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Kate Navickas

Cornell Writing Centers Director, Lecturer

Kate Navickas

Rockefeller Hall, Room 174
ken43@cornell.edu

Educational Background

Syracuse University

Doctor of Philosophy, Composition and Cultural Rhetoric 

Certificate of Advanced Studies, Women’s Studies

Certificate in University Teaching, Future Professoriate Program

Binghamton University

Master of Arts, English Literature, with a concentration in Rhetoric & Composition 

Certificate in College Teaching, The Writing Initiative

SUNY Fredonia

Bachelor of Arts, Dual Major in Music Performance & English Literature 

 

 

Website(s)

Overview

Kate Navickas supports writing and writers in a variety of ways in her work at Cornell. As the Director of the Cornell Writing Centers, she hires, trains, and offers ongoing professional development for 40-50 undergraduate tutors. As a writing workshop teacher, she works one-on-one with diverse undergraduate writers in the First Year Writing Seminars. And, in the summer, she teaches new graduate instructors how to teach writing and fosters deeper engagement with teaching writing for TAs through a summer Writing Center Internship program.

In her First Year Writing Seminars (WRIT 1380 & WRIT 1420), Kate encourages students to explore issues of language, identities, discrimination, and larger social divisions through their readings, research and writing. She asks writers to slow down, to dwell with different texts and perspectives, to put texts in conversation around their own questions and interests, and to interrogate their own ideas and writing. She loves experimenting with multimodal and creative assignments, and has been recently teaching a research-centered FWS in which students spend 8-week conducting research and composing journalistic podcasts.

In her work with both tutors and graduate student instructors, Kate works to foster greater knowledge about and experiences with writing and pedagogy. She offers tutors ongoing professional development in staff meetings on diverse topics, including understanding science writing conventions, writing and supporting application materials, helping writers develop stronger ideas and analysis, working with diverse writers ethically, and fostering responsible source-use. In addition to teaching WRIT 7100, to support graduate instructors, she often offers teaching workshops, including ones on grading contracts, using digital tools in the classroom, and writing letters of recommendation for students, and she also offers classroom workshops, which often include tutors, that involve workshopping drafts and thesis statements.

Kate’s research comes from a tradition of teacher/practitioner-motivated action research. That is, she asks questions that emerge from her work in the classroom, her experiences becoming an administrator, and her work with specific groups of writers. Whether she’s analyzing a national set of feminist-oriented writing assignments, reflecting on her efforts to support multilingual writers in the writing center, or studying the affective dimensions of administrative work, her research is motivated by feminist commitments and a desire to create more just classrooms, approaches to teaching, and writing centers.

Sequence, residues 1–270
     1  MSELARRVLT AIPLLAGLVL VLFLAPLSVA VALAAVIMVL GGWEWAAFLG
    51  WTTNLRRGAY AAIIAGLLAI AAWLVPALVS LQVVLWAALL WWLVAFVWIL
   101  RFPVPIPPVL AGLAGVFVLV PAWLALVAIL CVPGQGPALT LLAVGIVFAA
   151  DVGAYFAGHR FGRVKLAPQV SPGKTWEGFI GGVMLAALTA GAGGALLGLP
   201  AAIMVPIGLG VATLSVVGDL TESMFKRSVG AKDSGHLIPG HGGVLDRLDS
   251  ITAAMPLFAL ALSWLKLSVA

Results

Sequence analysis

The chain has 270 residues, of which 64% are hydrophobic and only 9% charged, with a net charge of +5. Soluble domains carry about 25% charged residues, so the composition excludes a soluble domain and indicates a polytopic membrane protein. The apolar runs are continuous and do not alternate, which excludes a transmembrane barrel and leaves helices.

Schedule a meeting with Dr. Navickas

 

See the exciting work happening at the Cornell Writing Centers by following them on Instagram (@CornellWritingCenters) and Facebook!

Departments/Programs

  • John S. Knight Institute

Research

  • Composition Pedagogy 
  • Writing Centers 
  • Feminist Pedagogy & Rhetorics
  • Writing Program Administration 

Courses

Fall 2020

Publications

Books

The Things We Carry: Strategies for Recognizing and Negotiating Emotional Labor in Writing Program Administration. Edited with Courtney Adams Wooten, Jacob Babb, and Kristi Murray Costello. Utah State University Press. November, 2020.

Journal Articles

“The Limitations of Liberation in the Classroom: Lessons from Minnie Bruce Pratt.” Pedagogy, Special Issue: Ideological Transparency Across Landscapes of Learning. Eds. Louise Wetherbee Phelps and Daniel Richards. Vol. 20, no.1, January 2020, pp. 49-58.

“The Perpetual ‘But’ in Linguistic Justice Work: When Idealism Meets Practice.” With Nicole Gonzales Howell, Rachael Shapiro, Shawna Shapiro, and Missy Watson. Composition Forum, Special Issue “Promoting Social Justice for Multilingual Writers on College Campuses.” Eds. Eunjeong Lee et al. Summer 2020. 

Book Chapters

“The Emotional Labor of Becoming: Lessons from the Exiting Writing Center Director.” The Things We Carry: Strategies for Recognizing and Negotiating Emotional Labor in Writing Program Administration. Edited with Courtney Adams Wooten, Jacob Babb, and Kristi Murray Costello. Utah State University Press. November 2020.

“Feminist Writing Assignments: Enacting Pedagogy through Classroom Genres.” Writing the Classroom: Pedagogical Documents as Rhetorical Genres. Ed. Stephen Neaderhiser. Under Review, with Utah State University Press. Expected  spring 2021 publication.

“Naming What We Feel: Self-Dialogue as a Strategy for Negotiating Emotional Labor in WPA Work.” With Kristi Murray Costello. Making Administrative Work Visible: Data-Driven Approaches to Understanding the Labor of Writing Program Administration. Eds. Leigh Graziano et al. In Process.

“Tales of Becoming and Letting Go: The Emotional Labor of Writing Center Directors.” With Kristi Murray Costello and Tabatha Simpson-Farrow. Affect and Emotion in the Writing Center. Eds. Janine Morris and Kelly Concannon. In Process.

News

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